However, with the close of the war the “rights” of the citizens (white, land owning males) of the newly formed states were being explored with vigor as the Founding Fathers set out to form their utopia. And, although distant, the beginnings of emancipation became firmly established when such words as, “all men are created equal…” were signed into law. The Northern states made their opinions regarding slavery known with such acts as the Northwest Ordinance. An end to slavery was now becoming a reality. However, the reality would be distant as Southern states flexed their might and lobbied for such laws as the Three-Fifths Rule and the Southwest Ordinance. Although perhaps put on a longer time scale, the founding fathers put into motion the beginnings of a free, democratic nation, which would, in the future, lead to freedom for all. However, in the mean time, slave life continued status quo.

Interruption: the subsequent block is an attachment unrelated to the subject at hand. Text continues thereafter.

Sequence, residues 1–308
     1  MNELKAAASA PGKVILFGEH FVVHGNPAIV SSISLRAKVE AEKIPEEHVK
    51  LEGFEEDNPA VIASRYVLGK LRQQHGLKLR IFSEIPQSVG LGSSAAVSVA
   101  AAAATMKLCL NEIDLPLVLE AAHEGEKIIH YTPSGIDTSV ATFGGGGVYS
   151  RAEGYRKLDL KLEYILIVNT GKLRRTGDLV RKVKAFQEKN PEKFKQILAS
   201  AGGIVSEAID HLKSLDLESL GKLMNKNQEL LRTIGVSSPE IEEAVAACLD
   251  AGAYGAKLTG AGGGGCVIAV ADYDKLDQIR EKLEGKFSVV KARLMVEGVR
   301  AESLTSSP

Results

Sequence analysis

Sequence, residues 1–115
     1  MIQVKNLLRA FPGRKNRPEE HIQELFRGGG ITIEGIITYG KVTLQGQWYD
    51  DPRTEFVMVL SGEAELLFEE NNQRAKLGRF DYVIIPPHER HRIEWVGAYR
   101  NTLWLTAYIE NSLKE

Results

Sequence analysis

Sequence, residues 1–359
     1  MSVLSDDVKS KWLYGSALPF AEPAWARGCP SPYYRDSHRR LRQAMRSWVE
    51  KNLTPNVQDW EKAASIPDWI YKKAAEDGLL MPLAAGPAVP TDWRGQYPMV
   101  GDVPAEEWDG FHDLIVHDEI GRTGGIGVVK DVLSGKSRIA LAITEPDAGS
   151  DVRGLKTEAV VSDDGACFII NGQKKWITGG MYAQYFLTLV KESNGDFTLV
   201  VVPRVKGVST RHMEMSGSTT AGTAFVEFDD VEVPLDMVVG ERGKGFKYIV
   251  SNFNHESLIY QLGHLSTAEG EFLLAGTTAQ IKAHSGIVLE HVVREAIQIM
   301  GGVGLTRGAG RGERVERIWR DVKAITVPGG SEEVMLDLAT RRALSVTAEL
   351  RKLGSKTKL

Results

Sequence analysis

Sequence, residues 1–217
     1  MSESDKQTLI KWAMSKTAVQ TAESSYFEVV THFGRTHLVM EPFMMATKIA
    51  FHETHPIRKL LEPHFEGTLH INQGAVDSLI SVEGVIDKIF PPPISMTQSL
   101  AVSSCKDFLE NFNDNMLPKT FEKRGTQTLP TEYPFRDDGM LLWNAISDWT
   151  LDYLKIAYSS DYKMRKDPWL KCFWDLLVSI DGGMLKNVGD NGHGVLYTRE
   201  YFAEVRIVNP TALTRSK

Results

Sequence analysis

A slave’s life was harsh at best. Regardless of the histories we read that espouse the civility and gentleness of masters and their foundations of Christian beliefs, the fact remains that they kept thousands of women, men, and children in the bonds of slavery for their own economic gain. No matter how it is written down or what flowery language is used, a slave’s life was torture. It is essential that we examine the writings of first hand suffers such as James W.C. Pennington, Job Ben Solomon, and Olaudah Equiano for an authentic account of what it was to be a slave. Starvation, separation, and death were always at the forefronts of their lives and minds. A slave was not treated humanly; he was treated as an animal. Masters felt as though they deserved medals for protecting these “incapables”, but reality has shown us that slaves were far from it. Many who were able to escape their bonds wrote eloquent and intelligent accounts of their lives and victimizations as slaves. Such were the caliber of these writings that I would venture to say most masters could not pen such an articulate anthology of their lives. The institution of slavery is one of the greatest travesties of recent history. There is no reason now or ever for any man to force another into bondage, especially when the forcing is done by brute force alone. Every man is created equal…